Creating real community

Creating real community

Small groups provide ideal settings for learning about and practicing real Christian community. With that in mind, here are five steps that will help any small group develop real community where accountability, trust, and honest confession become a natural part of your small group.

Know one another. Community-building is an essential part of your meeting. Icebreaker questions help. So do Bible-study application questions that invite people to express opinions and feelings. Getting together outside the regular meeting times, especially for extended periods like weekend trips, helps group members know one another better. Once people feel comfortable with one another, trust will grow.

Be transparent. Usually the leader needs to open up first, and then others will see it's okay to do the same. Transparency about little things at first will enable openness about bigger things later. Transparency takes humility. Study Phil.2:1-11 by yourself, and then with the group. Discuss the relationship between humility and transparency. Talk about the difficulties and joys of being real with your group.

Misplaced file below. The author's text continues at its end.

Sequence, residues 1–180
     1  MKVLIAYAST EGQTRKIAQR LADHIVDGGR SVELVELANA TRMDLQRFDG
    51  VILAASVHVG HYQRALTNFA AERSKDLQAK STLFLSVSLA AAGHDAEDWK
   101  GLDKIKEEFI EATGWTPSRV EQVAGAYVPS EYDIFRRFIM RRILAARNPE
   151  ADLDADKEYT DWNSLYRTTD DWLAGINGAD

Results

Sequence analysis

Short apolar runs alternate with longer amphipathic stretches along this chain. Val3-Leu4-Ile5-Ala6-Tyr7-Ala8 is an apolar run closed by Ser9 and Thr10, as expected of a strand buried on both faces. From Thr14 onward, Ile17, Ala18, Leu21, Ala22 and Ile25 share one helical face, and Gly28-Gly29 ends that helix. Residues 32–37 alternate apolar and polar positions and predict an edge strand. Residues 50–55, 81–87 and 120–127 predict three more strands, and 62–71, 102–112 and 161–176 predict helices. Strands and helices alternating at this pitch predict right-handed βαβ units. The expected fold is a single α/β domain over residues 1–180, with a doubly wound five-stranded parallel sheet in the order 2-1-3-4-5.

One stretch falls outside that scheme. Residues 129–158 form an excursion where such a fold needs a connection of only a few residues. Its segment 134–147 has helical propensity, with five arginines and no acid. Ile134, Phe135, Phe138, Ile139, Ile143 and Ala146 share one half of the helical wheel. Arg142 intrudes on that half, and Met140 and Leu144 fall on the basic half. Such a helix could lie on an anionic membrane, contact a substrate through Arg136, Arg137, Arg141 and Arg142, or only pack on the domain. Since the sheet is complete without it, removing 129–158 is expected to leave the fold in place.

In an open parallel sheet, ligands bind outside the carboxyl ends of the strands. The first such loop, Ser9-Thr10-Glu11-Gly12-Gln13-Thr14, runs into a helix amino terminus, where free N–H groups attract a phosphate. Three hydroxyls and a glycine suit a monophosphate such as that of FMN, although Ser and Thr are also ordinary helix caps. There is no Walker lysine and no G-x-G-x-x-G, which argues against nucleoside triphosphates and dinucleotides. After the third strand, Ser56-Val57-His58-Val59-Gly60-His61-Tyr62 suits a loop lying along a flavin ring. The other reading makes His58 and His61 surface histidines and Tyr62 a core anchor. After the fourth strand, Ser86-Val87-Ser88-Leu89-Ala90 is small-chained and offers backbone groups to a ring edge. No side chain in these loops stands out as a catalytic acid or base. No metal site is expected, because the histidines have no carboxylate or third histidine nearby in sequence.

Keep confidences. Group members won't share personal struggles if there's a risk those struggles might be blabbed outside the group. Make it clear, and repeat it often, that what's said in the group stays in the group.

Carry one another's burdens. People will open up when they are sure you really care about them. Be ready to help in times of physical, emotional, and spiritual need. Phone group members during the week to see how they are. This is especially important after a meeting in which someone has opened up about something new, a group member was particularly quiet, or you observed other signs that someone might be hurting.

Hold each other accountable. There is no such thing as a Lone Ranger Christian. We need each other. At first, hold each other accountable for being on time for meetings, then for disciplines such as prayer and Bible study, and then, as trust grows, for issues that involve sin.

Adapted from "Making It Comfortable," by Michael Mack (Issue 83, S/O 1994). ©1994Discipleship Journal rights reserved.